Bryan Rieger came by the office yesterday and we caught up on where his new company, Yiibu is at. They just soft launched with an example of one of the first pieces of open microcontent that they're going to be working with. Their first microcontent stack is a guide to tropical fish, a wonderful nod to the original Mackerel Stack mentioned in Bryan's recent thank you post. It's been my pleasure to get to know both Bryan and Steph, and it's been amazing seeing the ideas they come up with.
What they're doing and thinking about is a new new thing, I believe. We're finally getting to the point where mobile devices can easily work with multimedia content, with new devices like the colour iPods and the Sony PSP turning out to be great platforms to carry around user-created content. The Creative Commons and the very concept of shareable content shouldn't be discounted either -- lessons like the Sony DRM debacle are only reinforcing that.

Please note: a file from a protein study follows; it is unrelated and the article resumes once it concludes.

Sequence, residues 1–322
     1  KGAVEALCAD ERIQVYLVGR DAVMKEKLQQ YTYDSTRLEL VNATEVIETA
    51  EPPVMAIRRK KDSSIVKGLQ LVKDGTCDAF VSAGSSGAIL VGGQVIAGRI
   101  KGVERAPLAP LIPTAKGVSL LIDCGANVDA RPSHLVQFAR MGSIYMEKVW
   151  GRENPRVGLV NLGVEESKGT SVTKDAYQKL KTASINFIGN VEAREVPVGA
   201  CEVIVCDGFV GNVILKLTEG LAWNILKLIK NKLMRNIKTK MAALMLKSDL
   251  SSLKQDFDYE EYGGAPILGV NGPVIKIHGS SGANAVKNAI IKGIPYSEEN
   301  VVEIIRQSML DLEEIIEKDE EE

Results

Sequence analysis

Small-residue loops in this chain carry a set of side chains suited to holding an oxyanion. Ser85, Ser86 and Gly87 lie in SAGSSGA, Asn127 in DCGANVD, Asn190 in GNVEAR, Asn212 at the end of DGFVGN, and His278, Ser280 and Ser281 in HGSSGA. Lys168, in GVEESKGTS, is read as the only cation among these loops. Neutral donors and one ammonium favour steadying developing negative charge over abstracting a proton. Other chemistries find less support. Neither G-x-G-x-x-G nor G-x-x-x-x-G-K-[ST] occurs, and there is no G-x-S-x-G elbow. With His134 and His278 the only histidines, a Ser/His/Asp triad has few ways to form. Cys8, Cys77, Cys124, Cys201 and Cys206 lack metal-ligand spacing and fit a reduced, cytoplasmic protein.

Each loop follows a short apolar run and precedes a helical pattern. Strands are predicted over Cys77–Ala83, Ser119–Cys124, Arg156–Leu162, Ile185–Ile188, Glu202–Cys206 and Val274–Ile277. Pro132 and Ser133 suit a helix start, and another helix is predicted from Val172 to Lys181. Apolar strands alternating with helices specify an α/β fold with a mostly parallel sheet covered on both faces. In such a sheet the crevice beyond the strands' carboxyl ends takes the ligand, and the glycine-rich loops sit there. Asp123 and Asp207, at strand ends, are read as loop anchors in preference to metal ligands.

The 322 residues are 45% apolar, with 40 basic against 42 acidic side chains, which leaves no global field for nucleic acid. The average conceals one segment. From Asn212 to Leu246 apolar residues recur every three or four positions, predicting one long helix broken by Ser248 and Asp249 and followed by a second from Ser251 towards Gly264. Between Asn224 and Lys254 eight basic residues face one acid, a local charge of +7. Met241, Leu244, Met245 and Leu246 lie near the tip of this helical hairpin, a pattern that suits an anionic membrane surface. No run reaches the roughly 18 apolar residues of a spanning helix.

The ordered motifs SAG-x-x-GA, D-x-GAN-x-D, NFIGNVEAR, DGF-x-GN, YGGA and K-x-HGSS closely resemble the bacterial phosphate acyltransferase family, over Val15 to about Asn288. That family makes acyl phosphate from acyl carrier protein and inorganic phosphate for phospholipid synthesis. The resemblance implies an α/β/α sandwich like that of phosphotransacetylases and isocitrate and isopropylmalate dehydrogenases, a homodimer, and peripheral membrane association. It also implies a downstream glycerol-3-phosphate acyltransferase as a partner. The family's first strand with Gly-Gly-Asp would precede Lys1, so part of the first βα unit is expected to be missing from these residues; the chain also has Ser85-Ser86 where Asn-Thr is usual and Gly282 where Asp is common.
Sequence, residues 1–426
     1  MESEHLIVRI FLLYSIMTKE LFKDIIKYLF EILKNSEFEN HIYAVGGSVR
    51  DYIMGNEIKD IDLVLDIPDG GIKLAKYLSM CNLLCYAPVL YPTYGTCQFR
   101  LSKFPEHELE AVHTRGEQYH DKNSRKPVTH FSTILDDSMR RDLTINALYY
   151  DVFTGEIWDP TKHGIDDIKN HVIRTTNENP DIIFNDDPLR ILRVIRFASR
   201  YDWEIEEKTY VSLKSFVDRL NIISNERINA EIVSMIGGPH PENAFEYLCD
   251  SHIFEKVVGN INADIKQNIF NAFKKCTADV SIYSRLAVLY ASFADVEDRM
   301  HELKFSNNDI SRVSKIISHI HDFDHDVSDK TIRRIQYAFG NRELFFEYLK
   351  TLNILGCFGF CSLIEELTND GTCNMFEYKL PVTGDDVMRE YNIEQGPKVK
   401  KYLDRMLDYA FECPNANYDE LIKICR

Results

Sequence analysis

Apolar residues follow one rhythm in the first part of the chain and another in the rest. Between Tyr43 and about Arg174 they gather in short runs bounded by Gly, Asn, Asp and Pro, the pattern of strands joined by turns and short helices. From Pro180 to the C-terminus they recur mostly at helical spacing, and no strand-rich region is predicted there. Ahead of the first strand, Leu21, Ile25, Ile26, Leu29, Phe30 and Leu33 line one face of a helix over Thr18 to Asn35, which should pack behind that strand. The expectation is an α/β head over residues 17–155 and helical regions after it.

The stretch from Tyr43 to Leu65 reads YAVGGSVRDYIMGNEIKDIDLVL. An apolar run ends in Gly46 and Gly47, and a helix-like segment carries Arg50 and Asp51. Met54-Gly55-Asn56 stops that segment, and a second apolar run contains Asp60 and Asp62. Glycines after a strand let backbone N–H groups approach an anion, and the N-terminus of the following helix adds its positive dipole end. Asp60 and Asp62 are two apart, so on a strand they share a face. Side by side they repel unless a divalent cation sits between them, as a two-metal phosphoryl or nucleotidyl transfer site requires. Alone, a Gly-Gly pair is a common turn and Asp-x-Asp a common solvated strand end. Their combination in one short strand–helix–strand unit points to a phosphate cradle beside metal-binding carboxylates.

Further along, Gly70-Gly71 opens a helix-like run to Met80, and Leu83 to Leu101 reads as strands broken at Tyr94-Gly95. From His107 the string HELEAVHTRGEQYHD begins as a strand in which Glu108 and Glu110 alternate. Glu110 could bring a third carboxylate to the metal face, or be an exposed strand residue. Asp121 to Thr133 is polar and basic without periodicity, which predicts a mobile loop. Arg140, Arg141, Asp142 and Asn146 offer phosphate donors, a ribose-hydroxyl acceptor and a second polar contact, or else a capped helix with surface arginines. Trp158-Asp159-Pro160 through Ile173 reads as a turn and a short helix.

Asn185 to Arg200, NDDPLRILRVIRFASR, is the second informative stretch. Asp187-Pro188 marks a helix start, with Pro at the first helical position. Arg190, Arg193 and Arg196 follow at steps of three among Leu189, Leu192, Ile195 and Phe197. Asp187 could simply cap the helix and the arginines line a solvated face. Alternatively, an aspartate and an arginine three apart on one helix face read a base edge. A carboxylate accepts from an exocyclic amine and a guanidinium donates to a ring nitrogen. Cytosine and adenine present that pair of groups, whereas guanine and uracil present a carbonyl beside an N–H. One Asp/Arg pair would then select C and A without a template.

How can you share microcontent? How can you get paid for creating microcontent? What is the best way forward in terms of mobile platforms and the carrier walled gardens? These are the types of things that Yiibu is thinking about, and has started creating solutions for. There are still lots of issues, like truly portable metadata, and being able to source where content comes from, but this is exactly the space that Bryan and Steph are working in. Their doors are open if you want to pick up some smart consultants in this space, never mind start experimenting with some of the content and payment models they've put together today.
I'm going to write a longer review of Andaman: A Wee Guide to Tropical Fish and how it works on different mobile devices -- or at least, my iPod Nano and my Nokia 6630. Check it out yourself, and think about what universal microcontent means to you.